While the ECB is currently taking steps to implement the climate roadmap, we propose four key principles that the ECB should follow when designing its policy, which would lead towards a fairer, more sustainable and democratic monetary system.
1. Act on its legal obligation to support the EU’s general economic policies, as outlined in its secondary mandate under the EU Treaties;
According to article 127(1), without prejudice to price stability, the ECB is required to “support the general economic policies in the Union with a view to contributing to the achievement of the objectives of the Union as laid down in Article 3 TEU”. Particularly, it should mirror the prioritisation of the general economic policies as reflected by the work of political institutions of the EU, such as the European Parliament and EU Council.
2. Follow EU policymakers by recognising and enacting the double materiality principle;
In other words, when designing its monetary policy, the ECB should go beyond taking into account the risks that climate change poses to the economy and financial system. It should also keep in mind the impact that business activities have on the environment and discourage financing towards the most toxic ones.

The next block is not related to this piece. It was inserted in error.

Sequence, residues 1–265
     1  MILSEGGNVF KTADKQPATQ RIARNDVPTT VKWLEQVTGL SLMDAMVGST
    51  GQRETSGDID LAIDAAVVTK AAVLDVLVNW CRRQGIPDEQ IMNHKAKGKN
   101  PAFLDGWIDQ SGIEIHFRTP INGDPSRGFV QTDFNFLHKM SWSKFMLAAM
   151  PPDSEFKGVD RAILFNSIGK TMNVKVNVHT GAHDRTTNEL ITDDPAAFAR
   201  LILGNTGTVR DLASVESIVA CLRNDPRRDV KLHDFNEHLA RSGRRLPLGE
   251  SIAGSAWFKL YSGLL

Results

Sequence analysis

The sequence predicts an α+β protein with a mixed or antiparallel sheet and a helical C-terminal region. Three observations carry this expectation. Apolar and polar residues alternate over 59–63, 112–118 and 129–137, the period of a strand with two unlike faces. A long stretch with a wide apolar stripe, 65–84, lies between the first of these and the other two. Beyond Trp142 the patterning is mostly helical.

3. Implement immediate impactful actions to align all its operations with a 1.5°C trajectory by adopting a precautionary approach and using existing data;
Data on the risks that the environmental breakdown poses to the economy is constantly being developed but they will never be able to capture the radical uncertainty inherent to events such as extreme weather conditions, and predict them with accuracy. Hence, the ECB should design policies in a way that would preventively protect the health of the planet and of humankind.
4. Work for society, by improving engagement with citizens and increasing democratic accountability.
The ECB is a public body that works for the people of the Eurozone. To legitimise its policy choices, we call on the ECB to increase dialogue with the general public and civil society, enhance transparency and improve its accountability with the European Parliament.